Do Androids Dream of Electric Sheep? #1
Philip K. Dick (story)
Tony Parker and Blond (artwork)
Available On: BOOM! Studios App, ComiXology, iVerse
So I’ve never seen all of Blade Runner, despite its reputation as one of cinema’s most influential and enduring sci-fi pictures…
I’ve been really meaning to—it’s in my Netflix streaming account, and probably four years back, a co-worker gave me a DVD of the laser disc version of the film, that I’ve hung onto through three separate moves. Here’s part of the problem though—there are too many cuts of the movie out there in circulation. Don’t know exactly which of the five or so is considered to be the “definitive” version, and seriously, part of me wants to watch every version and make my own determination. So I haven’t been actively avoiding watching this one movie…more like finding the perfect time to watch five.
With all this in mind, when BOOM! announced they’d be serializing the entire source material in comic form, I raised a curious eyebrow. Could that approach possibly work? Would the density of the text threaten to completely overwhelm the artwork? And when they say word for word, do they really mean it? After reading the free preview, then immediately buying the remainder of the first issue through BOOM’s own app on iPad, I can safely say the answer to all three of those questions is yes. And offers another perfect example of the possibilities for digital comics—I’ve been wanting to check this out since it was announced, but just couldn’t afford to add it to a shrinking monthly budget. $1.99 is a much easier buy-in, and I’ll take it one chapter at a time naturally, but there’s a great chance I’ll finish this out completely in digital form, and then dive into all five (or so) versions of the movie.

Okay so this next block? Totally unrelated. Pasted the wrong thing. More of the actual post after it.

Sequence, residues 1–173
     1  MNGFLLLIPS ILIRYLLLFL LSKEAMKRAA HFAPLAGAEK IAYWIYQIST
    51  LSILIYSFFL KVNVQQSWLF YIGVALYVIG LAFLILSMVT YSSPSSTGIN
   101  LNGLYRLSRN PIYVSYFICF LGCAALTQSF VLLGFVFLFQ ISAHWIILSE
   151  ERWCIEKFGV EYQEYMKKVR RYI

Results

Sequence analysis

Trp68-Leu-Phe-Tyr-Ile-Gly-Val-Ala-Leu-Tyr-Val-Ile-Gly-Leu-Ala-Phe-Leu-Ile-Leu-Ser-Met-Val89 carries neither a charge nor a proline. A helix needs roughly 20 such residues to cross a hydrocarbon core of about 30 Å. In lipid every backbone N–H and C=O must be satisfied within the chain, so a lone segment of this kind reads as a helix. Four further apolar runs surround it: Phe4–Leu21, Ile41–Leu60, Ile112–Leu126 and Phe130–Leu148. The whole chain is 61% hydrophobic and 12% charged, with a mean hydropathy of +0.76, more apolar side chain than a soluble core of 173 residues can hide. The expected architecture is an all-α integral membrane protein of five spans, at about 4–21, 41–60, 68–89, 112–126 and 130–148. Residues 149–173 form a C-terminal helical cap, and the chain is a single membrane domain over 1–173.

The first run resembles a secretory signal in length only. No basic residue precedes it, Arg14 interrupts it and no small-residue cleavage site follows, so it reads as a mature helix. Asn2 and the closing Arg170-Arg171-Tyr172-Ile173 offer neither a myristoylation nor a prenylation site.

Couple reasons why—-firstly, I find the whole publishing experiment interesting. It would be a more obvious (and possibly safer) move to simply adapt the original story into a mini-series, and sell it to comics fans and retailers in a format they were more accustomed to. Instead, they’re preserving every word of the original text, and molding a cool comic around it, which takes a certain degree of guts that I can definitely appreciate. And because of this, the book takes a good long time to read through, which makes the $1.99 price point even more of an unbeatable bargain.
So you get the entire source material unaltered, yet cleverly interpreted through our favorite medium, offering almost a half hour of reading pleasure for only two bucks an issue? Not even taking into account how glorious the whole package looks on the iPad, this sounds like a no-brainer to me.
And maybe…just maybe when I’m through with the entire series, I’ll find some time to watch every cut of the movie it inspired, and decide just which one I like the best. Until then—got a little more reading to do…